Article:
BLS CPR & AED classes in Idaho can help you become a more capable, confident, and helpful citizen. By learning lifesaving techniques, you can provide care when needed most and save the life of an infant, child, or adult during a medical emergency, even if you are not a healthcare provider, medical professional, or without formal medical training. Our CPR certification classes are accessible for all Idaho residents, including those in Boise and Idaho Falls.
Online CPR Certification in Idaho
We offer online CPR and First Aid training courses for Community, Workplace Employees, and Healthcare providers in Idaho. Thousands of institutions and organizations accept our course certification worldwide. As a result, we are trusted by thousands of healthcare professionals and public safety professionals for employment requirements.
Our Online CPR and First Aid training takes only a few short hours to complete but can help you save a life when every second counts. We follow the latest American Heart Association & Emergency Cardiovascular Care/ILCOR guidelines. We are also OSHA Standard-compliant to ensure that you get a quality education. From receiving your instructional materials, studying the online coursework, and taking the certification exam, you can count on us. In addition, our CPR completion card is nationally accepted. You can instantly print your digital completion card from your printer after the successful completion of our CPR class.
What is CPR?
Cardiopulmonary resuscitation (CPR) is a technique that manually pumps blood to deliver oxygen to the organs during a cardiac arrest when the heart cannot do it on its own. When not beating, the heart fails to pump blood to the body's major organs, including the brain. These organs need the oxygen contained in blood to survive, and without it, severe brain damage will occur within four minutes, and the victim will die within ten minutes. Therefore, performing immediate CPR dramatically improves a victim's chance of survival while waiting for the Medical Emergency Team
What is the proper way to perform CPR?
According to the American Heart Association (AHA), the chain of survival guidelines for cardiac arrest CPR is:
Recognizing cardiac arrest and calling 911
Immediately performing CPR focusing on chest compressions
Care by emergency medical personnel.
In-hospital life support and care.
After rescuers call 911, they should check for responsiveness by tapping or shaking the victim's shoulder and asking, "Are you okay?" At this time, rescuers should also check for a pulse. If the victim does not respond and has no pulse, begin CPR. Basic CPR, also known as compressions-only CPR, involves pumping the center of the victim's chest with both hands, at least 2 inches in depth, and at a rate of 120 compressions per minute. Rescuers should continue to perform CPR until an emergency medical team arrives and can take over.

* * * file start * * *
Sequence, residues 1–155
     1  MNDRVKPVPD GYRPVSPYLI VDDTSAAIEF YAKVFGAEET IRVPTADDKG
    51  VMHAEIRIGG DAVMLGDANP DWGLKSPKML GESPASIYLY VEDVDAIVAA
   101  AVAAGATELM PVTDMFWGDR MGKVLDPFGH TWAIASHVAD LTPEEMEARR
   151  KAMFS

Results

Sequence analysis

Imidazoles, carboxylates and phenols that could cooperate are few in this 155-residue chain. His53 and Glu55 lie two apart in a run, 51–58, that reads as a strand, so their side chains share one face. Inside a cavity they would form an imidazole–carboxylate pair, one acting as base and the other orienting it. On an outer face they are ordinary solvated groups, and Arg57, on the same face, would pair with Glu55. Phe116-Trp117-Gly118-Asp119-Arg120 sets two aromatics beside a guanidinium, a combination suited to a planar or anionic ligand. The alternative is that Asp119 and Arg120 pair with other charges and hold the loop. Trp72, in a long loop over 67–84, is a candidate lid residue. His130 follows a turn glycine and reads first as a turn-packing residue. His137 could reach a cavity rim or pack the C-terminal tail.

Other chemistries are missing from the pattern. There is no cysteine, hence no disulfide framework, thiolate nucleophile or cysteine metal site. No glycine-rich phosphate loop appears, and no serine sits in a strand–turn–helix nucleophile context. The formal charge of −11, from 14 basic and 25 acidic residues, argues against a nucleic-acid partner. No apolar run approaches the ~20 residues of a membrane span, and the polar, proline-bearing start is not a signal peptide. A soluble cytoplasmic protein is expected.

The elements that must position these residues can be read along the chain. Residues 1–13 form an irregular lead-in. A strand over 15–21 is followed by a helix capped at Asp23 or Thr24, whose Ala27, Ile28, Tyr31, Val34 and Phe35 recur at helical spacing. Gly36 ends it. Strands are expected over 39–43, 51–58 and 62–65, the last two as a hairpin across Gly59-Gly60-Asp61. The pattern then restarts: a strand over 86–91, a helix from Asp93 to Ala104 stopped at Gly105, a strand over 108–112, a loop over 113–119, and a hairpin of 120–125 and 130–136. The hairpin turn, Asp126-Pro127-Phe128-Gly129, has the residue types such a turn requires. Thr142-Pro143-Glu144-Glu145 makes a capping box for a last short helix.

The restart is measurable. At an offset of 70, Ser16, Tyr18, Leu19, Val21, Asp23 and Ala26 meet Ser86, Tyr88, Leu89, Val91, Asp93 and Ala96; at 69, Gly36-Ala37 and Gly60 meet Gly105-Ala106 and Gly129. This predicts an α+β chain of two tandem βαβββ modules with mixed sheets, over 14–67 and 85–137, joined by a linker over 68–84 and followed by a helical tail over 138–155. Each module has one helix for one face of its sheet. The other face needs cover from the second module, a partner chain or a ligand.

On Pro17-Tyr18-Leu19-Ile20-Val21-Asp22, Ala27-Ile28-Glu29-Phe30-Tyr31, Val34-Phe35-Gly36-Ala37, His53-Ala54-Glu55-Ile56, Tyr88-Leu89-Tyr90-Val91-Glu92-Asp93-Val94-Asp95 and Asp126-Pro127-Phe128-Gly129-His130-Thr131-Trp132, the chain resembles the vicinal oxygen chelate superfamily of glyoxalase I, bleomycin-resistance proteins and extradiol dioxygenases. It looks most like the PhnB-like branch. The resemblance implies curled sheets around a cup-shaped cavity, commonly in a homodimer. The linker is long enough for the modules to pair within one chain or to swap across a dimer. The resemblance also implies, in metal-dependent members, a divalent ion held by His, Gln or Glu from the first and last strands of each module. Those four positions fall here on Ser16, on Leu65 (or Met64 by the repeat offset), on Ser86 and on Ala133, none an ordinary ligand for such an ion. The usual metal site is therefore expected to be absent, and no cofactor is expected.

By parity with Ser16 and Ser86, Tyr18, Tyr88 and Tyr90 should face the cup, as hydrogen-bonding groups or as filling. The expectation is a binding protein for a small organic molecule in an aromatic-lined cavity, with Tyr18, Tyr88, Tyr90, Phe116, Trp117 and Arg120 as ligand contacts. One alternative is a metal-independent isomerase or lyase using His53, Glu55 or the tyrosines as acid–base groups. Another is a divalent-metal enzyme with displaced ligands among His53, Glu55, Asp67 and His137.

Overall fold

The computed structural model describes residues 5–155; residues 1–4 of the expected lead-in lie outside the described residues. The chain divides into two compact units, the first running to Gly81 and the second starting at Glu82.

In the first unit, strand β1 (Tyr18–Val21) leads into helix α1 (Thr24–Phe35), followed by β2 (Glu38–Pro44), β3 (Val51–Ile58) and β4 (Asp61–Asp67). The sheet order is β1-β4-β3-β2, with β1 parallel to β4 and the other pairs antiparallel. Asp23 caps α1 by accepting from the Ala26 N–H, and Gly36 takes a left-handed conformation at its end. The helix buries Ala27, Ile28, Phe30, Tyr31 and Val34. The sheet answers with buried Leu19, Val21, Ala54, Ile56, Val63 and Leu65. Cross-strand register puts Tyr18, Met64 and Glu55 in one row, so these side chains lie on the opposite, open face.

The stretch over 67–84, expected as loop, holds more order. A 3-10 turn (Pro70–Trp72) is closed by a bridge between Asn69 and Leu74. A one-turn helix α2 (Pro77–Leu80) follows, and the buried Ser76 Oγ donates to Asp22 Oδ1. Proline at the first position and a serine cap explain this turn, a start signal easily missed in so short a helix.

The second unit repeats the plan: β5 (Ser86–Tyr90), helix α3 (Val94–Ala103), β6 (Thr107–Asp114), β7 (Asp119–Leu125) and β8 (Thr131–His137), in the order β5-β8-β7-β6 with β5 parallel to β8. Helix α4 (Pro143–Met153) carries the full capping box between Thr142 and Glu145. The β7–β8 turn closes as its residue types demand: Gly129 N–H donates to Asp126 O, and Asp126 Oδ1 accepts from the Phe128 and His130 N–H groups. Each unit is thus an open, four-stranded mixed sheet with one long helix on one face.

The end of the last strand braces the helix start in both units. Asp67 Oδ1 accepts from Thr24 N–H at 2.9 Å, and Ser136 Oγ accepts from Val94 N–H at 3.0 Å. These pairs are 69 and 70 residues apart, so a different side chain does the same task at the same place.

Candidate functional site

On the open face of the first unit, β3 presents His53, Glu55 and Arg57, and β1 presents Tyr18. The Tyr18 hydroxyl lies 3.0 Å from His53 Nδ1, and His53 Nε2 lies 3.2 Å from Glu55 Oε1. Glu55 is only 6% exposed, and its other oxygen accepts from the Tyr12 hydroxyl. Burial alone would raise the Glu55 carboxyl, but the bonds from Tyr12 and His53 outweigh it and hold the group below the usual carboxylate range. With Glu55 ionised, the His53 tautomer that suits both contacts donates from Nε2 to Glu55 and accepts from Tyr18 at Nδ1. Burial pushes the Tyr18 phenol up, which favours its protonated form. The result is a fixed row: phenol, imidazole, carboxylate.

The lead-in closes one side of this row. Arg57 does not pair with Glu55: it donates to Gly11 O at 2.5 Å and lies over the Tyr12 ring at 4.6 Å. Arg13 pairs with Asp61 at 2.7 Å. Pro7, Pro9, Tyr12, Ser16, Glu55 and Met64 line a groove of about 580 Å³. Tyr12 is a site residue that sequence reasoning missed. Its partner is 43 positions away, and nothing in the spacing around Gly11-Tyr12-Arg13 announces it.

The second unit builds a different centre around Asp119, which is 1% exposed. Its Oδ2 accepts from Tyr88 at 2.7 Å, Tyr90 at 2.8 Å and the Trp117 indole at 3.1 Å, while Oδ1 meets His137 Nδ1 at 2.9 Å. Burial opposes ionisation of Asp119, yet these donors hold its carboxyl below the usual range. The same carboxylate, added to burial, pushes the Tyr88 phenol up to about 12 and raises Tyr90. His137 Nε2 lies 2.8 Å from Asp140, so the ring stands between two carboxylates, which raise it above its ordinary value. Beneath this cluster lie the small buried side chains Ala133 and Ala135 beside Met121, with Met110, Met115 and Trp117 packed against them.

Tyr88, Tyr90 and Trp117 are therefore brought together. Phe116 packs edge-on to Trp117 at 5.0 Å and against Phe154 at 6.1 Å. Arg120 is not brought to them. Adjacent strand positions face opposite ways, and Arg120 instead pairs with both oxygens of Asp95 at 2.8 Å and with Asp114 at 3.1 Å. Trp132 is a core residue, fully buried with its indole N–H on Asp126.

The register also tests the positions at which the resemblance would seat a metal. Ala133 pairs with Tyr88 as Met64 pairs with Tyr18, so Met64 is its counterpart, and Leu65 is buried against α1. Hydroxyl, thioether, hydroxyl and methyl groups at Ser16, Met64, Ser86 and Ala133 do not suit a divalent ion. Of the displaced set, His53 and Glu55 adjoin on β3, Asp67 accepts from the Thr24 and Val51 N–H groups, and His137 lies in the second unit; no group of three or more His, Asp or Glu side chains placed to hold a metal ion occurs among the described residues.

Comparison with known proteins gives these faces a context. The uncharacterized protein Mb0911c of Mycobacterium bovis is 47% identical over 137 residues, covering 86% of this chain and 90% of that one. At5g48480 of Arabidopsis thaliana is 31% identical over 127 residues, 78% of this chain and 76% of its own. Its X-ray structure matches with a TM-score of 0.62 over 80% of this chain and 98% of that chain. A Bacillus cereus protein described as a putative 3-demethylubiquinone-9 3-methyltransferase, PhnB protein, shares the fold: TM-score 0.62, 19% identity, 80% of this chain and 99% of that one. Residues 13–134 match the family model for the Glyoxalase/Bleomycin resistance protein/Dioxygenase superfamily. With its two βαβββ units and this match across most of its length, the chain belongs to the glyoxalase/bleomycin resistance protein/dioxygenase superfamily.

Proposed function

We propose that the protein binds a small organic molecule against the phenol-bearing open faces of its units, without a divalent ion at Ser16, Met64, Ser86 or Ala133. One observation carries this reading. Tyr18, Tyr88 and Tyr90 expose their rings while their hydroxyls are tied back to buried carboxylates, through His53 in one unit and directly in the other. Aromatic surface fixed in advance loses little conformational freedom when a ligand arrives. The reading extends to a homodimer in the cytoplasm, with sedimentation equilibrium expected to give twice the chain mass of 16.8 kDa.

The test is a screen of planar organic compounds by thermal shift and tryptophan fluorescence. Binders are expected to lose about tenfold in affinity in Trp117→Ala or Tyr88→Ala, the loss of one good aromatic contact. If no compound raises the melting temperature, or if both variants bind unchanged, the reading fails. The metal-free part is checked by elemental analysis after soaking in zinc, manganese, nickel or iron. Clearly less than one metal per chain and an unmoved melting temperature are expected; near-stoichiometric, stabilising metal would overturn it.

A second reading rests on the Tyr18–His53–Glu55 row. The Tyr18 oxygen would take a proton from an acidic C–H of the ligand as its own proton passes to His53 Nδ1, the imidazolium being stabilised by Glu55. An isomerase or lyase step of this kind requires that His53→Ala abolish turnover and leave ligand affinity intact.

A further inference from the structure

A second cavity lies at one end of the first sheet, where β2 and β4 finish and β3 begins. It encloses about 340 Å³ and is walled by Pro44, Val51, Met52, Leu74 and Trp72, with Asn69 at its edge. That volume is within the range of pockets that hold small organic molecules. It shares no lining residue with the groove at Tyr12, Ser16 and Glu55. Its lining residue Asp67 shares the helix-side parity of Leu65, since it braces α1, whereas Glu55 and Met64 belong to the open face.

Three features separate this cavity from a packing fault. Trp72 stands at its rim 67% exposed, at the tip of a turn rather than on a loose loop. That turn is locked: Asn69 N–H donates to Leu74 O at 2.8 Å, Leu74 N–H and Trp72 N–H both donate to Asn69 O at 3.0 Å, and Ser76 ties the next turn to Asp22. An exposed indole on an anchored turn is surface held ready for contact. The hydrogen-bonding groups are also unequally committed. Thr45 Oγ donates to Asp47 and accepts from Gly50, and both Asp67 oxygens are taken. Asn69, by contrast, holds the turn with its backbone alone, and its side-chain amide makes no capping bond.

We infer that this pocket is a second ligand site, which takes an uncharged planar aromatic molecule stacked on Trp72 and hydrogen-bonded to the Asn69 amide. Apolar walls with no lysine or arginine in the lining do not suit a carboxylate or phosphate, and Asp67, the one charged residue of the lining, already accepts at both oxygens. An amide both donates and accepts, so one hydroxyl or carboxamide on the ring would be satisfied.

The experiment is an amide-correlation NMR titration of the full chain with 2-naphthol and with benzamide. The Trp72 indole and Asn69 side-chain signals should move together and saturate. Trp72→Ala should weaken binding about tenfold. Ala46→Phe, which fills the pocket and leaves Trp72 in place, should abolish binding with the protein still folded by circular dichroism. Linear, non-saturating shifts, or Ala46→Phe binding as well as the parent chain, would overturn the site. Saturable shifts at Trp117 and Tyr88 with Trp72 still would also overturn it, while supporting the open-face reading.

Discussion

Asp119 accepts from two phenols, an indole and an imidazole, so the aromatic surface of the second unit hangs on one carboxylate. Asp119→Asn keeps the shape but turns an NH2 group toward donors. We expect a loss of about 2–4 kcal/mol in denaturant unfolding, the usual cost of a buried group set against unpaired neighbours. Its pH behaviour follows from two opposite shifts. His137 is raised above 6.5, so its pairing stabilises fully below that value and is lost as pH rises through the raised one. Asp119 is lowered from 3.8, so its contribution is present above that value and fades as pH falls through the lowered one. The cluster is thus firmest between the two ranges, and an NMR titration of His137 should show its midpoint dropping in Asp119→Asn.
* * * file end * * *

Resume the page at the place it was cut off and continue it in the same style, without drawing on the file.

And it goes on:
Is it possible to perform CPR with just one rescuer?
Ideally, CPR is carried out with two rescuers so that one person can call 911 while the other begins CPR. When two or more rescuers are present, they can alternate positions between rescue breathing and performing compressions to prevent fatigue. Having two rescuers also allows chest compressions and rescue breathing to happen simultaneously, at a rate of 15:2 chest compressions to rescue breaths.
When an individual is an alone rescuer, they should call 911 using the speakerphone function while they begin chest compressions, which allows them to communicate with a 911 operator without interrupting their ability to deliver compressions. When alone, rescuers will follow a ratio of 30 chest compressions to 2 rescue breaths. Do not stop compressions or take a break until an emergency medical responder can take over.
What is the recommended treatment for spinal injuries?
If a rescuer suspects a spinal injury, they must call 911 immediately and should not attempt to move the victim.
If the victim is unresponsive, rescuers should perform CPR. If two rescuers are present, they can turn the victim onto their side, but only if they are vomiting or bleeding from the nose or mouth. Again, rescuers need to reassure the victim to help them remain as still as possible while waiting for emergency medical care to arrive.
Signs of a spinal injury include Head injury, Lack of control or numbness in the arms and legs, Back pain, Loss of bowel or bladder control.
Idaho CPR Data
Idaho ranks 18th out of 50 states for cardiovascular deaths in one year.
For every 100,000 people in Idaho, there are 229 cardiovascular deaths annually.
Over 350,000 out of hospital cardiac arrests happen across the US every year.
Cardiac arrest is a top cause of death in the US.
Only 46% of Americans who died from cardiovascular complications had received CPR before emergency medical support arrived.
In Idaho, men are 45% more likely to die from cardiovascular complications than women are.